Introduction: RC Flight Data Recorder/Black Box
In this instructable I am going to be building a arduino based fight data recorder for RC vehicles, specifically RC aeroplanes. I am going to be using a UBlox Neo 6m GPS module connected to an arduino pro mini and a SD card shield to record the data. This project is going to record the Latitude, Longitude, Speed, Altitude and Battery voltage among other things. This data is going to be enriched for better viewing experience using Google Earth Pro.
Step 1: Tools and Parts
- Ublox NEO 6m GPS module: ebay/amazon
- Micro SD card module: ebay/amazon
- Micro SD card(high speed or capacity not necessary): amazon
- Arduino pro mini: ebay/amazon
- FTDI programmer and corresponding cable : ebay/amazon
- Perfboard: ebay/amazon
- Hookup wire: ebay/amazon
- Header pins: ebay/amazon
- Rectifier diode: ebay/amazon
- 2x 1K ohm resistor: ebay/amazon
- 1500 micron cardboard
- Soldering Iron and solder
- Hot glue gun
- Laptop or computer
- Multimeter(not strictly necessary but incredibly helpful)
- Helping hands(again not necessary but helpful)
- Craft knife
- Items used for prototyping not necessary but very helpful
- Arduino Uno
- Jumper Wires
Step 2: Theory and Schematic
The brain of the device is the Arduino pro mini, it is powered from the RC vehicles(in my case an aeroplane) Li-Po battery balance port. I have this set up for a 2s battery but this can easily be changed to accommodate for other battery sizes.
This is piece is not complete I will update this instructable when the control surface reading is complete
- Servo1 will be my aeroplanes elevon motor while servo 2 will be my flight controller servo output.
The GPS module is receiving data from the GPS satellites in the form of NMEA strings. These string contain location information but aslo the exact time, speed, heading, altitude and lots of other useful data. Once a string has been received the information that is useful to this project is extracted using the TinyGPS code library.
This data along with battery voltage and elevon position is going to be written to the SD card at a rate of 1Hz. This data is written in CSV(comma-separated value) format and will be interpreted using google maps to plot a flight path.
Step 3: Prototyping
NOTE: The GPS module connections are not shown above. GPS is wired as follows:
GND to Arduino ground
VCC to Arduino 5V
RX to Arduino digital pin 3
TX to Arduino digital pin 2
To test that all of the components are functioning correctly it is best to start by laying everything out on a breadboard as you don't want to find out only after everything is put together that you have a defective part. The additional code library that will needed is the TinyGPS library the link can be found below.
The voltage tester code below just tests the voltage measuring circuit. The adjustment value needs to be changed to make the arduino read the correct voltage.
The Files code is used to test the SD card module and micro SD card to make sure both are reading and writing correctly.
The gpsTest code is used is used to make sure that the gps is receiving correct data and is configured correctly. This code will output your latitude, longitude and other live data.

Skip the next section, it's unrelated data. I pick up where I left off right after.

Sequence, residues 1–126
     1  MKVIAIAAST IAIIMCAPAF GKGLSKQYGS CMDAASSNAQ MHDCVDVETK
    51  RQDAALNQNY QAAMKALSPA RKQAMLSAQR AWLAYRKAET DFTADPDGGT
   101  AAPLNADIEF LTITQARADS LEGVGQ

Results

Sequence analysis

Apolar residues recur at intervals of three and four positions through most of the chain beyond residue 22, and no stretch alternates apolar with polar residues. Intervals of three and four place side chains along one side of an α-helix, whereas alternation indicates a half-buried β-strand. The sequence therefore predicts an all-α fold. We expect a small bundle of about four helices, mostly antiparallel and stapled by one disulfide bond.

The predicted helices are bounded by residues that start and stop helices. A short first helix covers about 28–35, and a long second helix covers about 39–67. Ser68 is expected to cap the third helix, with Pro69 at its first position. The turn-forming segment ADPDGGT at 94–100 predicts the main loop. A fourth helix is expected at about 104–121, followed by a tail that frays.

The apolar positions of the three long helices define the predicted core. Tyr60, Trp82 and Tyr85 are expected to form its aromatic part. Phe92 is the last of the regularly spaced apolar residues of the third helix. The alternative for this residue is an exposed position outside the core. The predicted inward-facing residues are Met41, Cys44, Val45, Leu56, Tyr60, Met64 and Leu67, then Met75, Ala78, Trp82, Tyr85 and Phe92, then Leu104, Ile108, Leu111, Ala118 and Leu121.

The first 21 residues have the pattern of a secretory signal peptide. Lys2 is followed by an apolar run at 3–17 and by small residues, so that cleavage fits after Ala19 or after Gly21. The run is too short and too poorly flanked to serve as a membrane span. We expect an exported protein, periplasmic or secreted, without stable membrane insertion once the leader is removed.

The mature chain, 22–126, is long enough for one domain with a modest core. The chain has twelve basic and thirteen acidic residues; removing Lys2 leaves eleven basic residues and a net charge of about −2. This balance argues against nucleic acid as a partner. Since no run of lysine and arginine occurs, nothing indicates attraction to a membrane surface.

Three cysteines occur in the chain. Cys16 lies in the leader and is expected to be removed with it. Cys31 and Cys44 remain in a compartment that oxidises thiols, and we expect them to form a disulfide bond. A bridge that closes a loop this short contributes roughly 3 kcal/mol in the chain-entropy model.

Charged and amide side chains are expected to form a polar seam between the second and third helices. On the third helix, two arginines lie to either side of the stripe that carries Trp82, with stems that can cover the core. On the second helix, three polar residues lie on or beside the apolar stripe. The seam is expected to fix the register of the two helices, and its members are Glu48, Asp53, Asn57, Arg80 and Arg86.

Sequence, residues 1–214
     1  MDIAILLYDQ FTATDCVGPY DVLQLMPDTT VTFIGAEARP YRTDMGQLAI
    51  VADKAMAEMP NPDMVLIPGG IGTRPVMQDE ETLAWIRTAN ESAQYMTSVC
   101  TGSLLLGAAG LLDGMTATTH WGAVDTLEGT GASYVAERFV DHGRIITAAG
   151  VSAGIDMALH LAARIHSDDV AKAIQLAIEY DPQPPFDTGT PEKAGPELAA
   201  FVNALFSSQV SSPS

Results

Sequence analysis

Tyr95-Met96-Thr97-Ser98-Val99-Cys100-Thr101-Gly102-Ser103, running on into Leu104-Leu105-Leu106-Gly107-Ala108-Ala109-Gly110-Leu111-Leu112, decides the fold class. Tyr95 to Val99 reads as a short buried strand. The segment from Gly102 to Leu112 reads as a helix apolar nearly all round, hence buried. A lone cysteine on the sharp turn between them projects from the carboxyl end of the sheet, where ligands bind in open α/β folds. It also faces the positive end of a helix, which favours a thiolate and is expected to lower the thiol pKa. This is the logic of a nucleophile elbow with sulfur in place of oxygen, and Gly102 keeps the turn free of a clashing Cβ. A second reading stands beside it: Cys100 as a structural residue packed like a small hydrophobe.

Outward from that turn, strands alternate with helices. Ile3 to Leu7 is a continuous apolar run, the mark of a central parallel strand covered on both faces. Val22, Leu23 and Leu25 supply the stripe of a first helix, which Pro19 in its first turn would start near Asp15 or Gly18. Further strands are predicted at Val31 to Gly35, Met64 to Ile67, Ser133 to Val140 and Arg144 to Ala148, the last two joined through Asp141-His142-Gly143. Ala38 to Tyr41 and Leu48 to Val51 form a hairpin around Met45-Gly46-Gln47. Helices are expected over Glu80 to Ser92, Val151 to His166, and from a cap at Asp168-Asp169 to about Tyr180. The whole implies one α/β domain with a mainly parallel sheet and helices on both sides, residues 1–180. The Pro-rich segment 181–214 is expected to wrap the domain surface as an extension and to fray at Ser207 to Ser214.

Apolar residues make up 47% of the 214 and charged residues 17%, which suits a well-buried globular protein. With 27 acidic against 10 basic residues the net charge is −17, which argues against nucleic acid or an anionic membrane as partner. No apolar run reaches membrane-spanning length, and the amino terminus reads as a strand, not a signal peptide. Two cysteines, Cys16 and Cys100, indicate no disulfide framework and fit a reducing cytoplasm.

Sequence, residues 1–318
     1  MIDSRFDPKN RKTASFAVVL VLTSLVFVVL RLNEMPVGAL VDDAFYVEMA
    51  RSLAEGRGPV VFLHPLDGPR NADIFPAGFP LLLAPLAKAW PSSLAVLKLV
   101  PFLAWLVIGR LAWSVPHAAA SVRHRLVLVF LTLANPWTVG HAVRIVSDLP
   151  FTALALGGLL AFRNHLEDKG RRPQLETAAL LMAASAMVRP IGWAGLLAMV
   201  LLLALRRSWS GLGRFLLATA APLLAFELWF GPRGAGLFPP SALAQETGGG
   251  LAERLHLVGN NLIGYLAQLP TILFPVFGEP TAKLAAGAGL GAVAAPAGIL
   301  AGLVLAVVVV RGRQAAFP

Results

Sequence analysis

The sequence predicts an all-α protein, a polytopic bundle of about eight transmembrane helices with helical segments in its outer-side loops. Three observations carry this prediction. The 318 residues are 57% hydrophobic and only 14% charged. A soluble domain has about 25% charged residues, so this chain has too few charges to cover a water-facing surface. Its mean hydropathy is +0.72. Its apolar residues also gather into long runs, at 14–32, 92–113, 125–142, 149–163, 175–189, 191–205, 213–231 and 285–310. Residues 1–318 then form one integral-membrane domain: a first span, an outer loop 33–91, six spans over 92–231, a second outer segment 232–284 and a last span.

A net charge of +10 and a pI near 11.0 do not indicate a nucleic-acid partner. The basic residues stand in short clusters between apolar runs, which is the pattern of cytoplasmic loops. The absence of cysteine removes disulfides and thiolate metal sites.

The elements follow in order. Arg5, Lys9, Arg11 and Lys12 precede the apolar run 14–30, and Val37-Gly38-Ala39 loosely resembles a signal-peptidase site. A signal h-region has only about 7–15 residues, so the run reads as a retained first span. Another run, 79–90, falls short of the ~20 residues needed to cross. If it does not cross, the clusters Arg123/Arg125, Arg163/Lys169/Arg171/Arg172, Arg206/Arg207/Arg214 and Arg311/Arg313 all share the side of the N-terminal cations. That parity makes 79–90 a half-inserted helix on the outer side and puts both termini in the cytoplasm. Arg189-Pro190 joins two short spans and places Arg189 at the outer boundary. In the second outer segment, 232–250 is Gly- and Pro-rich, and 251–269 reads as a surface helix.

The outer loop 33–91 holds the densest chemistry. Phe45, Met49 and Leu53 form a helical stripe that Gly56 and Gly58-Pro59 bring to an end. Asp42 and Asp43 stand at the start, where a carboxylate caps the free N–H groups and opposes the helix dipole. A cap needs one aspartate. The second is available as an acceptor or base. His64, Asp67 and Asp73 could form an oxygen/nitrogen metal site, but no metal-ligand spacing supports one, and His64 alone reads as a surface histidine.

If all of these parts are working together correctly then you can move on to the next step.
Step 4: Soldering and Wiring
Before doing any of the soldering or wiring lay out all of your components on a piece of cardboard and cut it to the outside dimensions of the components. This is going to be your mounting plate for all your pieces.
Make the circuit board by cutting the perfboard to the smallest size feasible as weight and size are priorities. Solder the header pins in place along the edge of the cut perfboard, this is where the battery balance port and in future the control surface servo and flight controller will connect. Solder the 2 1k Ohm resistors and the rectifier diode in place according to the circuit diagram.
Solder the micro SD card module to the arduino's pins according to the circuit diagram make the connections using the AWG 24 wire.
Make the connections between the perfboard and the arduino again according to the circuit diagram and using more of the same type of wire.
NOTE: The GPS is a electrostatic sensitive device be careful while soldering and never have any current running through any of the wires while making connections
Solder the GPS modules pins to the corresponding pins on the arduino using lengths of about 3-4cm(1-1.5in) of wire this give the GPS module enough slack to fold over to the other side of the backing card.
Check and double check the continuity for all the connections to make sure that everything is wired correctly.
Using hot glue mount the SD card module, The Arduino Pro Mini and you custom perfboard on one side of the cardboard and the GPS module and antenna on the other.
Once you have all the piece correctly wired and mounted to the cardboard its time to move on to the code.
Step 5: The Code
This is the code that runs on the final device. While this code is running the LED on GPS module will begin to flash as soon as the gps has a fix with more than 3 satellites. The LED on the arduino board will blink once as soon a the arduino starts up to show that the CSV file has been successfully created and then it will blink in time with the GPS LED when it is write to the micro SD card successfully. If the LED remains of the micro SD card cant be initialised and there is most likely a problem with your wiring or micro SD card.
This code will create a new CSV file every time the program is run they will be labeled "flightxx" where xx is a number between 00 and 99 that increases every time the program is run.
To get the current time field in the spreadsheet to be correct you need to convert the UTC(Coordinated Universal Time) to the correct time zone for you. For me the value is UTC +2.0 as that is the time zone I am located in but this can be changed in the code by altering the "timezone" float.